“I think what the programs all have in common are identifying, developing and implementing programs that are designed to reach more of Oklahoma’s children with special needs and support them throughout their life,” she said. “I think that is what I am most proud of what the center has accomplished, and that the center is an environment where the staff not only care and support the kids but also each other.”
   Joseph Steil, a member of the Cerebral Palsy Commission, said he was impressed with Kuestersteffen’s knowledge about employees and how she would take time to talk about their successes and dedication to the center during staff luncheons and celebrations.
   “This was a strength because it showed that Vicki cared about every employee,” Steil said.
   Mike Powers, the center’s new director, worked one-on-one with Kuestersteffen for 10 years and said she taught him to look at the center as a whole and how that team approach could make positive impacts. Powers also describes her leadership as fearless. “Vicki was never afraid to make a tough decision.”
   Powers adds, “I think the biggest thing I learned from her is how to see the big picture and how each department and service that we offer ties together.”

Navigating through a pandemic
   Steil said Kuestersteffen’s leadership during the COVID-19 pandemic was invaluable.
   “Vicki can make a decision based on the current facts but isn’t afraid to change or modify her views as new data comes forward. This was demonstrated by her leadership during the COVID pandemic,” Steil said. “She modified precautions at JDMC based on the available data and modified those precautions as warranted.”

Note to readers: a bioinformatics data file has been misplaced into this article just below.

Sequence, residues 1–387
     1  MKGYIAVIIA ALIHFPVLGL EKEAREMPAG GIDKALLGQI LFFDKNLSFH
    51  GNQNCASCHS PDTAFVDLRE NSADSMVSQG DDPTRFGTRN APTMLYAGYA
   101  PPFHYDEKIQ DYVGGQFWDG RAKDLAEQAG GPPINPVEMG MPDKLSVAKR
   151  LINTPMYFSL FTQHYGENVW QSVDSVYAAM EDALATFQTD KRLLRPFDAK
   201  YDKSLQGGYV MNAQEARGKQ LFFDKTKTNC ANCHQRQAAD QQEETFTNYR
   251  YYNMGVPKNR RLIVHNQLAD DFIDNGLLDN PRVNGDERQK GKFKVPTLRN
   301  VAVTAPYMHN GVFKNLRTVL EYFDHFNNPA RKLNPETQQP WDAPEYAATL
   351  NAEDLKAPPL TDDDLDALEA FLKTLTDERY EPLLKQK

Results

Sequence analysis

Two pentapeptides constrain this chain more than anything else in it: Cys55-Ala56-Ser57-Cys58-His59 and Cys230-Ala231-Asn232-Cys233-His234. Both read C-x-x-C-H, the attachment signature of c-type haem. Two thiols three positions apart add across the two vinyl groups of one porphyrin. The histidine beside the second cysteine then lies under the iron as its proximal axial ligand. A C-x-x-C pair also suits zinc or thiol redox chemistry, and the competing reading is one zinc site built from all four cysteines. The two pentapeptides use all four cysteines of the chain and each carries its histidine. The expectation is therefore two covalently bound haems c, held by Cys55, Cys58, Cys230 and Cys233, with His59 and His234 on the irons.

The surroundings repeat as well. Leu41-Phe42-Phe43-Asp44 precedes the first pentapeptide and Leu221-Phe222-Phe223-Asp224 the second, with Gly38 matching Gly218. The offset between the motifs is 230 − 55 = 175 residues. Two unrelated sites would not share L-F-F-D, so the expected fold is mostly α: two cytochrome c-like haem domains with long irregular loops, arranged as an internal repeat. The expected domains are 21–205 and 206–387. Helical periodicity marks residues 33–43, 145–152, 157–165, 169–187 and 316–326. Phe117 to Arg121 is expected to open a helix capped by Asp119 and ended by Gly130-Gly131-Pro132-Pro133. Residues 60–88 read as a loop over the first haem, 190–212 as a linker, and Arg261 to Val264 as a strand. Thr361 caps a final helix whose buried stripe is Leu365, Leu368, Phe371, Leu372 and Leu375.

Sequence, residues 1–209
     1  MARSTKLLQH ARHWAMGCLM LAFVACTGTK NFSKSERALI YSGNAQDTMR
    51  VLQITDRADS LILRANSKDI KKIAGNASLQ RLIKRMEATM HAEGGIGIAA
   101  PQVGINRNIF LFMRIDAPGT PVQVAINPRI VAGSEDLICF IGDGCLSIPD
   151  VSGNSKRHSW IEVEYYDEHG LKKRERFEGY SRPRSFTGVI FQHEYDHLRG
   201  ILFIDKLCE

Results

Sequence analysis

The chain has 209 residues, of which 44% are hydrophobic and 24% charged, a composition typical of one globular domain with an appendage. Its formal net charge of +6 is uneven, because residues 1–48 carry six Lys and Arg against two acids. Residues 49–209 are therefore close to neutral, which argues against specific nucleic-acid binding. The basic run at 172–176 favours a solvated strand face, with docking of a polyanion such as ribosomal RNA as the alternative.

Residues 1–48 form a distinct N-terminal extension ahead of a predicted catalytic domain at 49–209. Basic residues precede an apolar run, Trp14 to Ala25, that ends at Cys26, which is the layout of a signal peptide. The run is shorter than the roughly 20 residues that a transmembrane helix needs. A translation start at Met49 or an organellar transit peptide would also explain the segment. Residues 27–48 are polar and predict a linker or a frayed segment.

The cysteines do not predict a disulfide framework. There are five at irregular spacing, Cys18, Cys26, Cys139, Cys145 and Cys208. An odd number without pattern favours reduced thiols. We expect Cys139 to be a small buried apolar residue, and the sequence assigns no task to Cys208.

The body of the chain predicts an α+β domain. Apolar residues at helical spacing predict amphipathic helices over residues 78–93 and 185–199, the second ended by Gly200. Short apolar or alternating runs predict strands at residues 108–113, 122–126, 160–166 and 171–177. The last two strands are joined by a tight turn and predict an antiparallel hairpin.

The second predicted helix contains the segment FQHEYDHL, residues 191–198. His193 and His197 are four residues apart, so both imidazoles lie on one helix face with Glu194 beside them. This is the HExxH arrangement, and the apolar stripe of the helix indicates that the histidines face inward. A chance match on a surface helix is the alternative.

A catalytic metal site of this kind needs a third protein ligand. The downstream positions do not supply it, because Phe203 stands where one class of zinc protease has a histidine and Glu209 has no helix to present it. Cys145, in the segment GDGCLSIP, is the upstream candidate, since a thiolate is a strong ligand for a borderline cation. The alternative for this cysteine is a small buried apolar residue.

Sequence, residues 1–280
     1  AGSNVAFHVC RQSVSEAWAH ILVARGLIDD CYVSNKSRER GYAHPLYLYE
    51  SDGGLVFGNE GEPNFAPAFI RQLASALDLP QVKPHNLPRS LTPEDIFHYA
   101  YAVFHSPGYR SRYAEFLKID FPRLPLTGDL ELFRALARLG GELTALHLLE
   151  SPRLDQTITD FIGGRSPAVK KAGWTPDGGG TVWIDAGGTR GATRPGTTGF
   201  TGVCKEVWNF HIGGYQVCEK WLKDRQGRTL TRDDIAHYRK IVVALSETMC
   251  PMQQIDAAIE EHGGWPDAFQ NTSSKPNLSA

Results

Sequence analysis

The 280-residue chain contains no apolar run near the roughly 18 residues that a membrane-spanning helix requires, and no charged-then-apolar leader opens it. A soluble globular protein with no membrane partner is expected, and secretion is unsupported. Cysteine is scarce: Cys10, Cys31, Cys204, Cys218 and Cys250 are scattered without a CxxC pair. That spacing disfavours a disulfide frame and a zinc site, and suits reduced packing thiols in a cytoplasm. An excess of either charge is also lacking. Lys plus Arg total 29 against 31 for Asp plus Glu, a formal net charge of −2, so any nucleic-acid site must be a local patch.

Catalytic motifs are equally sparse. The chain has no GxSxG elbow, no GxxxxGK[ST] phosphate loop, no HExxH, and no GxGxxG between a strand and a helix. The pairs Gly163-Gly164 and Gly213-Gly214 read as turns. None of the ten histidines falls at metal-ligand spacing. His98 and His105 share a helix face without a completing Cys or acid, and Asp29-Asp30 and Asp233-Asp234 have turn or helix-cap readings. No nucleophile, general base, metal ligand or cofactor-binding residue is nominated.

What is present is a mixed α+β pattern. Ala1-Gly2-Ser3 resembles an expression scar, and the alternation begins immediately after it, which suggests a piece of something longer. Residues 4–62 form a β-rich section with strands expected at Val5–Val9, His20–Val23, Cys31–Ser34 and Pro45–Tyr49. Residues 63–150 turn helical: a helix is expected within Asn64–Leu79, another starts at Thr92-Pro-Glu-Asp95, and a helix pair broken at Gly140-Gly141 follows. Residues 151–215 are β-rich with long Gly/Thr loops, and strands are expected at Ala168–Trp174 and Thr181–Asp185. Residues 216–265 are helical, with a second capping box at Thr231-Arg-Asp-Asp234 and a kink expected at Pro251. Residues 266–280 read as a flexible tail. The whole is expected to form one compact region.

Some of the center’s pandemic precautions included mask and screening policies, COVID testing and offering vaccines to employees and the patients.
   Bruce Jennings, a member of the Cerebral Palsy Commission, also commends Kuestersteffen’s handling of the pandemic at the center.
   “Her leadership from the very beginning of the COVID-19 pandemic was on full display as she used her knowledge to research the threat and implemented plans to protect the patients and staff,” Jennings said.
   Colleagues said that Kuestersteffen led the center with a heart for others, intelligence and a commitment to furthering the services offered to children with disabilities.
   “Under her leadership, we expanded programs at a time when the state was not in good fiscal health, which is pretty incredible,” Powers said. “She also set up a leadership team that will be able to guide the hospital over the next couple of decades.”
   Kuestersteffen said she believes the center is under strong leadership.
   “The center is heading in an incredibly great direction,” she said. “Mike Powers and the leadership team will always have the heart and best interest of the children in mind as the center grows.”
   Kuestersteffen said she also believes the center will “continue to find innovative ways to reach and positively impact children with developmental disabilities.”

Vicki Kuestersteffen photo
Sharla Bardin